"Bomb Iran, or live with an Iranian bomb. Sanctions, carrots, incentives won't matter," a cable quoted Zaid Al Rifai, the head of the Jordanian senate and father of the current Jordanian prime minister, as saying. While Rifai, the brief continues, judged that a military strike would have a "catastrophic impact on the region," he nonetheless thought that preventing Iran from acquiring nuclear weapons would pay enough dividends to make that risk worthwhile.
While Arab leaders appear far more concerned about a nuclear Iran than a nuclear Israel, it is difficult to draw any comparisons as there is a marked absence of any mention of Arab leaders' views on Israel in the documents published so far. In fact, this has raised some speculation in the Arab world that the leaks may be a deliberate attempt to pressure Arab leaders to join an alliance with Israel against Iran. And while the documents reveal Arab leaders who are more obsessed with Iran than Israel, none of them indicate that there has been any official acceptance of the formation of an anti-Iranian pact with Israel.
Nevertheless, and even allowing for reservations about the nature of the leaks, the picture that emerges is one of feeble Arab leaders at the mercy of the US and pleading for Uncle Sam's protection.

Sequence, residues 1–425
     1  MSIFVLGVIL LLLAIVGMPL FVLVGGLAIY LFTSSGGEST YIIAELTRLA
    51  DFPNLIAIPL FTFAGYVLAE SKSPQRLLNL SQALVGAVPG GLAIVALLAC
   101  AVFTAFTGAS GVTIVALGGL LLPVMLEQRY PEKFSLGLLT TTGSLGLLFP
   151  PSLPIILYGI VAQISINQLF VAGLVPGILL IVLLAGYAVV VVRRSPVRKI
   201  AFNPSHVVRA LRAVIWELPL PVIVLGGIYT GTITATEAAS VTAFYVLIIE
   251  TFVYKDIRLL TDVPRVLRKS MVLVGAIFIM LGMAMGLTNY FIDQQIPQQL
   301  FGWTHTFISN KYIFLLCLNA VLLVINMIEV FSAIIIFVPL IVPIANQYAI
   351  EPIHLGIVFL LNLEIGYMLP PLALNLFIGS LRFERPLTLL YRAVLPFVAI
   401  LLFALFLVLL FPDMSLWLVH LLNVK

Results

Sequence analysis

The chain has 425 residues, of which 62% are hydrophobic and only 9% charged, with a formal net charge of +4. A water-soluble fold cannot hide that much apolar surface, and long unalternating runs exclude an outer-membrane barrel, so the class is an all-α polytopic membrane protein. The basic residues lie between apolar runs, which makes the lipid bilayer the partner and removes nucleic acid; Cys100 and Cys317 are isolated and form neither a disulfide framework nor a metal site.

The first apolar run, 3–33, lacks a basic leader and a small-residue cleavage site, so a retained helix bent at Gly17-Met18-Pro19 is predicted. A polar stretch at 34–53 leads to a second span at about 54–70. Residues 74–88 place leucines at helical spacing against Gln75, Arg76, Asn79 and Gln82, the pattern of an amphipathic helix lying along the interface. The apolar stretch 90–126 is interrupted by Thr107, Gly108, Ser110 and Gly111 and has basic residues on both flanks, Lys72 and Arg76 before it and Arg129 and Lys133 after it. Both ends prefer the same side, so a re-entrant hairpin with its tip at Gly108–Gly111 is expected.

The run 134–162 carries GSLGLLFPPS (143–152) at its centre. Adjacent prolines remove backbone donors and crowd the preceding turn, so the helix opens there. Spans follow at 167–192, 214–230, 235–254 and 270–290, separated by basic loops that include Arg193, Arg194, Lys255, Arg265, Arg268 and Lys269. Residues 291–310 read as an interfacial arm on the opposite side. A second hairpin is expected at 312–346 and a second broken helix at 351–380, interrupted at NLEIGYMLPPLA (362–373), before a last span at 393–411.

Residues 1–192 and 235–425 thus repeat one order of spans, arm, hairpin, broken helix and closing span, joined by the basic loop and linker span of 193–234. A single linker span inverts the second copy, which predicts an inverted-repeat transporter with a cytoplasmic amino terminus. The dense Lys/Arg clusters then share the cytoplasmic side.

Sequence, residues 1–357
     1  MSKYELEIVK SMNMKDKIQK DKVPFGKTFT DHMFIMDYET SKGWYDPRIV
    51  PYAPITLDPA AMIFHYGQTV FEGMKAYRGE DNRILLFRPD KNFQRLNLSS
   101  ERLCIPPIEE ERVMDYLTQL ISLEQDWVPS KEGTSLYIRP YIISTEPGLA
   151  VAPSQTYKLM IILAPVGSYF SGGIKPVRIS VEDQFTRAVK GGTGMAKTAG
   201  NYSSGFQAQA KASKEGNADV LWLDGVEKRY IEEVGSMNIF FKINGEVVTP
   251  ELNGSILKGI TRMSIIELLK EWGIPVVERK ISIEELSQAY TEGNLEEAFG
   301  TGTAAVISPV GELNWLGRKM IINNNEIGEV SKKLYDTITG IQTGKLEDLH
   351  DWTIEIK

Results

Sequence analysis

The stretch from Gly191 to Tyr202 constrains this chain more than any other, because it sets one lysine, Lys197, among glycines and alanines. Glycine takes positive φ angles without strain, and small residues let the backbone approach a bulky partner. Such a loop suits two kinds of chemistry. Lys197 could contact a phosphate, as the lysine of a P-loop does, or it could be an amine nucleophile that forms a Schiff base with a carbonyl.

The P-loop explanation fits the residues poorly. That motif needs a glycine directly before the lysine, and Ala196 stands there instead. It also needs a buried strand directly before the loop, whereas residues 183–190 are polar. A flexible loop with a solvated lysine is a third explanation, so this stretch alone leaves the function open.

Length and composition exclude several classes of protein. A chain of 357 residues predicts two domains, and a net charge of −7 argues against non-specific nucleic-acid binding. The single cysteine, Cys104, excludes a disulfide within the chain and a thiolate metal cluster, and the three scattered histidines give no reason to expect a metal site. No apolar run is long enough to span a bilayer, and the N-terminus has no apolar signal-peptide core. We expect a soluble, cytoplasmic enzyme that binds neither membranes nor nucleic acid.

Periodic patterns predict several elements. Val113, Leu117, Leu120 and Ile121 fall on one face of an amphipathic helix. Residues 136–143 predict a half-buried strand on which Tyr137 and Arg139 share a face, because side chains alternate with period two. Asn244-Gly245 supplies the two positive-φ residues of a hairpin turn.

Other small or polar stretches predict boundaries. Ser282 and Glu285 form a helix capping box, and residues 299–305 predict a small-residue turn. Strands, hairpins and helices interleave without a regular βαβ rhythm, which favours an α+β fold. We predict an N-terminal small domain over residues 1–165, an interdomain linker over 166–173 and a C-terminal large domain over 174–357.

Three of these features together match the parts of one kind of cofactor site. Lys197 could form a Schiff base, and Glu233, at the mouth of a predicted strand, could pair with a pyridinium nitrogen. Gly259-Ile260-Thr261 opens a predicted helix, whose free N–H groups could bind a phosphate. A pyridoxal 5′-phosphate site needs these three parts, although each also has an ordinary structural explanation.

The documents reveal that Gulf leaders in particular are afraid that Iran will use its influence over their Shia constituencies and its support for Hamas and Hezbollah to establish strongholds inside Arab countries. One UAE leader is quoted as saying that "Iran is establishing 'emirates' across the Muslim world, including south Lebanon and Gaza, sleeper 'emirates' in Kuwait, Bahrain and the eastern province of Saudi Arabia, the mother of all 'emirates' in southern Iraq, and now Saada [in Yemen]".
They do not appear to be as afraid about the possibility of Iran using nuclear weapons - once it develops them - as they are about how nuclear capability has already emboldened, and will continue to embolden, the Islamic Republic to act as "a superpower in the region".